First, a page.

2

am I going about this in the correct way? Ive never done anything like this before, so im not 100% sure on what I am doing. The code so far gets html and css files and that works fine, but images wont load, and will I have to create a new "if" for every different file type? or am I doing this a silly way...here is what I have:

import string,cgi,time
from os import curdir, sep
from BaseHTTPServer import BaseHTTPRequestHandler, HTTPServer
import os
import mimetypes

#import pri
port = 888
host = "0.0.0.0"

class MyHandler(BaseHTTPRequestHandler):

def do_GET(self):
    try:
        #RequestedURL = self.path
        mimeType = mimetypes.guess_type(self.path)[0]
        fileType = mimetypes.guess_extension(mimeType)
        infoList = [mimeType, fileType]

        if infoList[1] != ".py":
            self.send_response(200)
            self.send_header('Content-type', mimeType)
            self.end_headers()
            f = open(curdir + sep + self.path, "rb")
            self.wfile.write(f.read())
            f.close()
            return

        if fileType == ".py":
            pythonFilename = self.path.lstrip("/")
            self.send_response(200)
            self.send_header('Content-type',    'text/html')
            self.end_headers()
            pyname = pythonFilename.replace("/", ".")[:-3]
            print pythonFilename
            print pyname
            temp1 = pyname.split(".")
            temp2 = temp1[-1]
            print temp2
            module = __import__(root.index)
            self.wfile.write(module.root.index.do_work())
            #module = __import__("test.index")
            #self.wfile.write( module.index.do_work())
            return

        return

    except IOError:
        self.send_error(404,'File Not Found: %s' % self.path)


def do_POST(self):
    global rootnode
    try:
        ctype, pdict = cgi.parse_header(self.headers.getheader('content-type'))
        if ctype == 'multipart/form-data':
            query=cgi.parse_multipart(self.rfile, pdict)
        self.send_response(301)

        self.end_headers()
        upfilecontent = query.get('upfile')
        print "filecontent", upfilecontent[0]
        self.wfile.write("<HTML>POST OK.<BR><BR>");
        self.wfile.write(upfilecontent[0]);

    except :
        pass

def main():
try:
    server = HTTPServer((host, port), MyHandler)
    print 'started httpserver:'
    print  ("Host: "  + (host))
    print  ("Port: "  + str(port))

    server.serve_forever()
except KeyboardInterrupt:
    print '^C received, shutting down server'
    server.socket.close()

if __name__ == '__main__':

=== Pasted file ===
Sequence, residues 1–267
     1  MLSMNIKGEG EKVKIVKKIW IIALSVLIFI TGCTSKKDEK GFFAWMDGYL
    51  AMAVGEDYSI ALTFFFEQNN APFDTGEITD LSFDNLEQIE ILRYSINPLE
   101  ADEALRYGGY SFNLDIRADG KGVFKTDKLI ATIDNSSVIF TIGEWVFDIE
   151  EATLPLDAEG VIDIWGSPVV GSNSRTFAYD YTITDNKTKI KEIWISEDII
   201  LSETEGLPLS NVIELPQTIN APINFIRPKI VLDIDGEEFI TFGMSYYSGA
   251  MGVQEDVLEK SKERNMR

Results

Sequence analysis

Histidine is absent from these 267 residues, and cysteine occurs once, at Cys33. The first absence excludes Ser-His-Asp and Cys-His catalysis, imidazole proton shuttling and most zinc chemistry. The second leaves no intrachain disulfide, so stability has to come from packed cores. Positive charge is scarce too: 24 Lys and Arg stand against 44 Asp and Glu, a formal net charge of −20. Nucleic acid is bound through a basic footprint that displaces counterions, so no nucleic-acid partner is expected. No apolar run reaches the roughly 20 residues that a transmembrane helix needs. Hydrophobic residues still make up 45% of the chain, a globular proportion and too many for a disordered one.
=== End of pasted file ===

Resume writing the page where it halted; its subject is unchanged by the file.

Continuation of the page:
main()

html and css works, but png images do not load

3
  • Do you have a good reason to roll your own HTTP server? There are many, many good python web servers out there.
    – Rob Cowie
    Nov 8 '11 at 13:59
  • 1
    Im just doing it because im interested to see how it works, Ive seen cherryPy Nov 8 '11 at 14:01
  • ok I got images to work with f = open(curdir + sep + self.path, 'rb') from a related post Nov 8 '11 at 14:06
4

You are on the right track with it, though your ifs are very redundant. I suggest you refactor the code to check for type using a loop and a dict:

mime = {"html":"text/html", "css":"text/css", "png":"image/png"}
if RequestedFileType in mime.keys():
    self.send_response(200)
    self.send_header('Content-type', mime[RequestedFileType])
    self.end_headers()
    print RequestedFileType
    f = open(curdir + sep + self.path)             
    self.wfile.write(f.read())              
    f.close()
    return

Also, you are sending binary files as text. Instead of open(curdir + sep + self.path) use open(curdir + sep + self.path, "b")

Gergely from toptal.com

1

As to a panoply of if statements, the usual approach is to have a file that handles the mapping between extensions and mime types (look here: List of ALL MimeTypes on the Planet, mapped to File Extensions?). Read that into an appropriate data structure.

You should probably be opening all files as binary unless they are a text/* mime type; for those you should ensure that your line endings are as specified in the appropriate RFC (if any - it's been years since I have needed to consult those standards, on account of not writing a web server for deployment in anger).

And a syntactical point:

>>> ('foo')
'foo'
>>> ('foo',)
('foo',)
>>>

Your brackets are redundant. You can index on the value you are extracting.

1
  • Thanks, ill have a look at that Nov 8 '11 at 18:28

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